Welcome to my blog

Acupuncture specialist for Fertility, Facial rejuvenation, Pain relief.
Based at Kensington and Harley Street Central London.Qualified as a medical doctor in Western medicine over 20 years ago in China with a Medical degree from Beijing, China and a PhD degree from the UK. Many year research and clinical experiences

Doctor who is passionate about acupuncture

I love what I do, I am good at it and I am always there for my patients. If you come and see me, you will know why I am standing out.
This blog is to introduce latest development and research of acupuncture and offer a chance of awareness of more treatment options for your condition. The blog is for information purpose only.

About Me

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My specialised areas include fertility for women and men, facial rejuvenation, acne, various pain conditions, chronic fatigue and hormone regulation with acupuncture treatment.

Practice contact for appointments and addresses 

Kensington: for appointments at Anamaya center Kensington please call at 02030110355 or email at info@anamaya.co.uk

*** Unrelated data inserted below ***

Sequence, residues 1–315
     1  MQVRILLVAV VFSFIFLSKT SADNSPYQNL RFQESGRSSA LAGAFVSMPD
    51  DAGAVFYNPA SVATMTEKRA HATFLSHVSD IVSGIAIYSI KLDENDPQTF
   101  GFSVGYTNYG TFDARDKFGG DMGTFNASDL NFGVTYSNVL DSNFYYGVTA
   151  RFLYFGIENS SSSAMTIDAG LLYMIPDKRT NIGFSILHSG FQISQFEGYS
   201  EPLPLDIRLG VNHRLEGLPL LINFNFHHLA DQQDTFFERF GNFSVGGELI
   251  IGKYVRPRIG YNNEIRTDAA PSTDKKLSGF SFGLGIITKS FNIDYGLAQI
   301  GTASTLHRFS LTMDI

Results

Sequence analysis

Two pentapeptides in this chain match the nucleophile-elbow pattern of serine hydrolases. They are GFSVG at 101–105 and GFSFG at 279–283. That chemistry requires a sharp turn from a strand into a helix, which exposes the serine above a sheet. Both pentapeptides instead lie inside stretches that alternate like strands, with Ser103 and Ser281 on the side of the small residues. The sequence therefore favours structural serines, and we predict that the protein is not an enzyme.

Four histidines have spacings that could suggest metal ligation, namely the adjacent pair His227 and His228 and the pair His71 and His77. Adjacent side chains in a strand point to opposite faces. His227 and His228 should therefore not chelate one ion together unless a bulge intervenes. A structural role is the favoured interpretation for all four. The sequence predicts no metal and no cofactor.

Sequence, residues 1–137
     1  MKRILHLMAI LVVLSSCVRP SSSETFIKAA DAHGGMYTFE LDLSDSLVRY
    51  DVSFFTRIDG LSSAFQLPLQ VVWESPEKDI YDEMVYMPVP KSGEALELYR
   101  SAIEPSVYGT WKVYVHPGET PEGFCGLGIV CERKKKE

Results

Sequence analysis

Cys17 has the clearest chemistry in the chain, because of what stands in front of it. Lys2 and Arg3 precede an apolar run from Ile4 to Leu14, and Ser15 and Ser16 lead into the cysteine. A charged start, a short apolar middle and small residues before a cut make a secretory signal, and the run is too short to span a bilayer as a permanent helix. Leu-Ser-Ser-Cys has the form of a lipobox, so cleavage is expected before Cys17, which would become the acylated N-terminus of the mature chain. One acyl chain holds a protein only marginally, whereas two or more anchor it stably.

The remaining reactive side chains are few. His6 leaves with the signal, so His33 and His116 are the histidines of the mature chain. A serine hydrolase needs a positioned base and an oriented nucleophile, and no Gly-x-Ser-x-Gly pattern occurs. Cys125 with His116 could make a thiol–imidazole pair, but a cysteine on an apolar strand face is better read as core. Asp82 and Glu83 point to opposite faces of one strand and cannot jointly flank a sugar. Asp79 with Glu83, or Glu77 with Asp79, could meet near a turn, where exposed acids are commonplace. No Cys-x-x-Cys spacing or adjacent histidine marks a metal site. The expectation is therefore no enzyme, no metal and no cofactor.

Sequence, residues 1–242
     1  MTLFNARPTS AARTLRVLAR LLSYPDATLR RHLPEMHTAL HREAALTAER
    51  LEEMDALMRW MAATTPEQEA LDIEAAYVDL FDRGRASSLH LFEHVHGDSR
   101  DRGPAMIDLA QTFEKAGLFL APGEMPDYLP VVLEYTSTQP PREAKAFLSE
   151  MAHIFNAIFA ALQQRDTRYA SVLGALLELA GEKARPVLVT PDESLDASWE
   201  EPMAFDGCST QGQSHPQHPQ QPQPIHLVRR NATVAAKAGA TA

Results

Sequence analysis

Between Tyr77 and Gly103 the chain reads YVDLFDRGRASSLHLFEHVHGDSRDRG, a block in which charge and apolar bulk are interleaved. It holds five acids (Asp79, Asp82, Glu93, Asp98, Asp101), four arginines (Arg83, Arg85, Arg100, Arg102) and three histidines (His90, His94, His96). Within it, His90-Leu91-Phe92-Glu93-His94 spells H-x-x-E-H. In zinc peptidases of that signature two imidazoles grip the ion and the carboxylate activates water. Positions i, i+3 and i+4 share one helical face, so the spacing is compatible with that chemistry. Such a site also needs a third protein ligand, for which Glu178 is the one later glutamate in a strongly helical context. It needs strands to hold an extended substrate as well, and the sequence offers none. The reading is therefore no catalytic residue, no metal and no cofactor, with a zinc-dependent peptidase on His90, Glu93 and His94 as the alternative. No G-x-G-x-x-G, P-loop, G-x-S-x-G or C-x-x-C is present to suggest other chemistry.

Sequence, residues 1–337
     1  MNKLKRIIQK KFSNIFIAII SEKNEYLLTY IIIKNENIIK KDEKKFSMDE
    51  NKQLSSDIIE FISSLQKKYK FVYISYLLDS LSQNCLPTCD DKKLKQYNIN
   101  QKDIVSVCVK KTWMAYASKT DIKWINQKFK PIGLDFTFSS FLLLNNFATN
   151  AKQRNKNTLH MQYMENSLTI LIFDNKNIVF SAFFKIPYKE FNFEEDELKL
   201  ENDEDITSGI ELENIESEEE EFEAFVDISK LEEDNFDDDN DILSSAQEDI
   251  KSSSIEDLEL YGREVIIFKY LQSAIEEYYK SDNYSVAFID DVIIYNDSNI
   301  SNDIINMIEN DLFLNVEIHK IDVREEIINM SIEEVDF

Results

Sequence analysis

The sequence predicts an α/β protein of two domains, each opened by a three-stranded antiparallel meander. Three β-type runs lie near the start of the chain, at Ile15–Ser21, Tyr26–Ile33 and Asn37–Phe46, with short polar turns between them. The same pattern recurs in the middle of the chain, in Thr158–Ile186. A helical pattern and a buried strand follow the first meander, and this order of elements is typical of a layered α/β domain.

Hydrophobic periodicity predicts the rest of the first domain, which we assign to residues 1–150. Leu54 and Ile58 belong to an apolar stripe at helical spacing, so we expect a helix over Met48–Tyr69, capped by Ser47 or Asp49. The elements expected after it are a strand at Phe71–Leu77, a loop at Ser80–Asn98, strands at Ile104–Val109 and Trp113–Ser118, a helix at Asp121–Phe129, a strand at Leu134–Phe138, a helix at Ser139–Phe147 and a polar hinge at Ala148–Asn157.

Address: 1 Adam and Eve Mews, Kensington, London W8 6UG
2 min walk from High Street Kensington underground station

Harley Street: for appointments  at Harley Street please call ALO clinic at 02076368845 or email at info@aloclinic.com
Address
Suite 3 Harmont House
20 Harley Street, London W1G 9PH
5 min walk from Oxford Circus underground station

My background: I became a qualified medical doctor in Western medicine 20 years ago in China and was well trained in Western medicine together with Chinese medicine in the best Medical University in Beijing, China. Also I was trained with Dr Zheren Xuan--famous orthopedics expert and founder of soft tissue surgery in China. I am dedicated to treat patients with acupuncture and am recognized as one of the world leading acupuncture specialists.

I obtained a PhD degree in the University of Leeds in the UK.

I had post doctoral training and worked as a senior researcher in St George's hospital, London, UK.

I had frequently presented my research findings in the top international conferences in the field.

I have many publications including ebooks and articles.

I have many year clinical experiences. Over the years of practicing, I have developed unique treatment approaches for infertility, skin aging, acne, vulvodynia, neck pain, headache, migraine, shoulder pain, back pain, fatigue, hot flushes, Parkison's disease etc to achieve best treatment results. My devotion and skills are highly praised by my patients. 


Friday, 3 August 2012

How much acupuncture treatment is adequate?

How much acupuncture treatment is adequate?